Back in early March, Jim wrote a very good letter to the Pittsburgh Post Gazette on the history of US-France relations. Unfortunately, at about the same time, the PG wound up printing a very similar letter with even more historical tidbits. However, since Jim’s was still a good letter, here it is:
Our Congress has done a number of silly things over the years, but some of their actions in the last week have been so childish that they make many of us feel ashamed of them. Changing the name of French Fries and French Toast in the cafeteria to Freedom Fries/Toast was a childish waste of time (especially given all the important things they should be addressing).
And the latest move by one representative to pay to bring home the remains of WWII soldiers is both silly and insulting. The claim that, by not agreeing with us on this issue, the French somehow don’t appreciate the sacrifices of our soldiers in WWII makes no sense. It also seems to imply that those of us in this country who don’t agree with President’s Iraq policy somehow don’t appreciate the actions of our soldiers in WWII. This is absolute nonsense. This is a different war, with different circumstances, and supporting one doesn’t mean that you have to somehow support the other. Nor do other countries — including allies — have to agree with us on every issue. Despite Mr. Bush’s statements, those who aren’t for us in every issue aren’t somehow enemies (and can in fact still be friends)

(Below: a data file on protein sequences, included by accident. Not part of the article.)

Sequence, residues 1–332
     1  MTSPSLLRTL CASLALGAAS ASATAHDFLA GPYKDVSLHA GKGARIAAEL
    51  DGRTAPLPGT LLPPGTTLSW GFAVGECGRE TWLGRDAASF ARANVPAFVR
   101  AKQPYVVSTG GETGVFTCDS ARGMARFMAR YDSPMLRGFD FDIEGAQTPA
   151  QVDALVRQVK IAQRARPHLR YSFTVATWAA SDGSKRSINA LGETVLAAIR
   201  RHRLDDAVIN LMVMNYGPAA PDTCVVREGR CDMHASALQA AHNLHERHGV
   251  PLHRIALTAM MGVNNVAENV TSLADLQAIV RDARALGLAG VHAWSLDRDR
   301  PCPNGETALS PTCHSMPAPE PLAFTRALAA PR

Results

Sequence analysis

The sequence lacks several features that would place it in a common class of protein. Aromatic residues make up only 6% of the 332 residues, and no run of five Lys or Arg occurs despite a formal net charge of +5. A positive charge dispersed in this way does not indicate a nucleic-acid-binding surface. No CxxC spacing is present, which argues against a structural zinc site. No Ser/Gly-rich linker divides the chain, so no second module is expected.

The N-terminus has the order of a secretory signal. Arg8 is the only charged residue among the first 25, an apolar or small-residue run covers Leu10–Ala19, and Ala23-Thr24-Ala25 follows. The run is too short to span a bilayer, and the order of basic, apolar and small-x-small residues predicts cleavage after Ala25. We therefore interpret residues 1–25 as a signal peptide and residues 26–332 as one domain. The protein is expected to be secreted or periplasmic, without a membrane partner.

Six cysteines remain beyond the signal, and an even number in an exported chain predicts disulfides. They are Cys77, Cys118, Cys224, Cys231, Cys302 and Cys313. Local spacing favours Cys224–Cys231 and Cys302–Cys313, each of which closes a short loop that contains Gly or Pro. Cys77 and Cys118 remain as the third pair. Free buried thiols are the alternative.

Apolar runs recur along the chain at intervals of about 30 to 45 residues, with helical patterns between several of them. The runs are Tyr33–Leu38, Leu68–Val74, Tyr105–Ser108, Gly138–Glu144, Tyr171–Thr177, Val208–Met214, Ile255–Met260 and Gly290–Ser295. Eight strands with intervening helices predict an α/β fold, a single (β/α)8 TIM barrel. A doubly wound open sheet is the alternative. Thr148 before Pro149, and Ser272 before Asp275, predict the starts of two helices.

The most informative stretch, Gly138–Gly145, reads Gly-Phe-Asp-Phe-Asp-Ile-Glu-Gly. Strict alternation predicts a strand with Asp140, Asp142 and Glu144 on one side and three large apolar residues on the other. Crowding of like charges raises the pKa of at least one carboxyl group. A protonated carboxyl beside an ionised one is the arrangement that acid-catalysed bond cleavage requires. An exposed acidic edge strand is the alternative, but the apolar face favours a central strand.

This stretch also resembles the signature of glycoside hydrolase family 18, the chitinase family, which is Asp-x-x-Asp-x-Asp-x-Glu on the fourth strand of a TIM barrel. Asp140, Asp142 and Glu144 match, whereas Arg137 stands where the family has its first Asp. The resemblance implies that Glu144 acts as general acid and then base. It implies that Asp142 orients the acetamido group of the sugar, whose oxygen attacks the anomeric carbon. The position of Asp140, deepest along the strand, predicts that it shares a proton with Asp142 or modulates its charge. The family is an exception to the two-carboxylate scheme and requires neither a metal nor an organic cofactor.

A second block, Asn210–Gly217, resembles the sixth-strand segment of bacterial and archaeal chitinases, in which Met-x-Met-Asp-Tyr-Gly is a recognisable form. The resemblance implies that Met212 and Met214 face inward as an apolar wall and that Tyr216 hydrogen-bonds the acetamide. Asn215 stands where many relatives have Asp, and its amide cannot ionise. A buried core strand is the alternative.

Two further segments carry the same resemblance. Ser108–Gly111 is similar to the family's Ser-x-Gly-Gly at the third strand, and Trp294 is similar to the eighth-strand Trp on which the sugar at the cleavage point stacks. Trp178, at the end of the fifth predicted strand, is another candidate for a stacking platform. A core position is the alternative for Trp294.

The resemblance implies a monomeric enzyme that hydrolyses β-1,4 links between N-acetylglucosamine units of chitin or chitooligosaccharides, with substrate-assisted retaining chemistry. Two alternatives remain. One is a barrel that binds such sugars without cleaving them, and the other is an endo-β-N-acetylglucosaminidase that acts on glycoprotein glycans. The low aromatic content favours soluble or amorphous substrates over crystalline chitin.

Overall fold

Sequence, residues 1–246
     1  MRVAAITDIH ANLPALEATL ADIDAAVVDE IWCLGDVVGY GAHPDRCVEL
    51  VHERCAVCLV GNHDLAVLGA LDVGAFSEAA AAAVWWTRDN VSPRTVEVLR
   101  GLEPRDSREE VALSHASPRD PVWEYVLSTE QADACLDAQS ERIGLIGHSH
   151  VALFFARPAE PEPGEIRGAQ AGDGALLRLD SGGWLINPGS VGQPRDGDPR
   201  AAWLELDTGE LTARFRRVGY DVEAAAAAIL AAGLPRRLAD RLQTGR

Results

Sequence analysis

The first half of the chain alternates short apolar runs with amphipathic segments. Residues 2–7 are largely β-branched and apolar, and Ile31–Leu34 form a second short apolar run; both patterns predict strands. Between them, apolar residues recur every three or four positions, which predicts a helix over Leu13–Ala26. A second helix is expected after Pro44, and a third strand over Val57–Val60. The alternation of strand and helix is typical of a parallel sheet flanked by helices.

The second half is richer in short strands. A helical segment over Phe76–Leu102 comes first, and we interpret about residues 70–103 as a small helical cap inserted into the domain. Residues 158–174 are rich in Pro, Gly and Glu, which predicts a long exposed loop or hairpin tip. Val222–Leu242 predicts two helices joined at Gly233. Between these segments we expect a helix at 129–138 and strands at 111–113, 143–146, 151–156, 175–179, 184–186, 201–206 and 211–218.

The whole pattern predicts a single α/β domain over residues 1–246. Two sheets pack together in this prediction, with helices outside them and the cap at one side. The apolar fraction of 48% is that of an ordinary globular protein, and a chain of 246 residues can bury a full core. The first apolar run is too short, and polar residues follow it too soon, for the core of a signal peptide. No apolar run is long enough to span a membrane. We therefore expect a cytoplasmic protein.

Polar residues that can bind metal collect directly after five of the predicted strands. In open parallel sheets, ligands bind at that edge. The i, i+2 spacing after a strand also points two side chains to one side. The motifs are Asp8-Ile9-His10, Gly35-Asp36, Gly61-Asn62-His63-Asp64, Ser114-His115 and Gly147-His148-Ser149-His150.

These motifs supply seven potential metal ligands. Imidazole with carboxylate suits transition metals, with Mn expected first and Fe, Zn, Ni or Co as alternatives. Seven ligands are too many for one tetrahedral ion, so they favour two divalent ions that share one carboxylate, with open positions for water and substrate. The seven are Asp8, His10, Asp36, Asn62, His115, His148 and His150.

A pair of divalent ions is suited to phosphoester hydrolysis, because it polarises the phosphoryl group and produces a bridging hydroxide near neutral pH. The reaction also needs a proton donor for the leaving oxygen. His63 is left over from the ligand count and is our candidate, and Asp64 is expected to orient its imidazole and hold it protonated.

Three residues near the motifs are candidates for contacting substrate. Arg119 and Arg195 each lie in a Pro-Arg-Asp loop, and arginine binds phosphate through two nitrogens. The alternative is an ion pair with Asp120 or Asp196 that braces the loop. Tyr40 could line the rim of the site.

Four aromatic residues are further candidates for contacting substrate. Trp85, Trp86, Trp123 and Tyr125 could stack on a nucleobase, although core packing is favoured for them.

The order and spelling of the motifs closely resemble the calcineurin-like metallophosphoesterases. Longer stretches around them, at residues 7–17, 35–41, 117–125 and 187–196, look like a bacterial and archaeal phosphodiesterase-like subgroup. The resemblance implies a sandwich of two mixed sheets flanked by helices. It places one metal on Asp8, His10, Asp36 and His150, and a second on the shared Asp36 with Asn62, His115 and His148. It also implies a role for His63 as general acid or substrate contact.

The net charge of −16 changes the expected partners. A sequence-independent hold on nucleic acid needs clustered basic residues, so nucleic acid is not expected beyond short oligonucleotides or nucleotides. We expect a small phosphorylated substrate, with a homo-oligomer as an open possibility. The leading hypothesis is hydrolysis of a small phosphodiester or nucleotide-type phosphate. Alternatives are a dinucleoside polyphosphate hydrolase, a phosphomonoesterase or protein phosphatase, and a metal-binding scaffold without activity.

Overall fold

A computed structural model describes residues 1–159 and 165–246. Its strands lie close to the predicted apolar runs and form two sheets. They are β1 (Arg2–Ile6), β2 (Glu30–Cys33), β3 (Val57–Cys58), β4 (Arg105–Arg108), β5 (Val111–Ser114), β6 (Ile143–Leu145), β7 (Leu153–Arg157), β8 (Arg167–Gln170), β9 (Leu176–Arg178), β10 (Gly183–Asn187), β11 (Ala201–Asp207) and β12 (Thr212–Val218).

Also, all those folks who are jumping on France over this issue need be reminded that, while France owes us a debt of gratitude for what we did for them in WWI and WWII, we owe them a debt of gratitude for our very independence. Without France’s backing, we’d have never broken free from Britain in the Revolutionary War. (Yet of course 10 years later, when a new French government was involved in a very different war, we (wisely and rightly) did not back them and did not go to war at their side.)
(Jim Mann, early March 2003)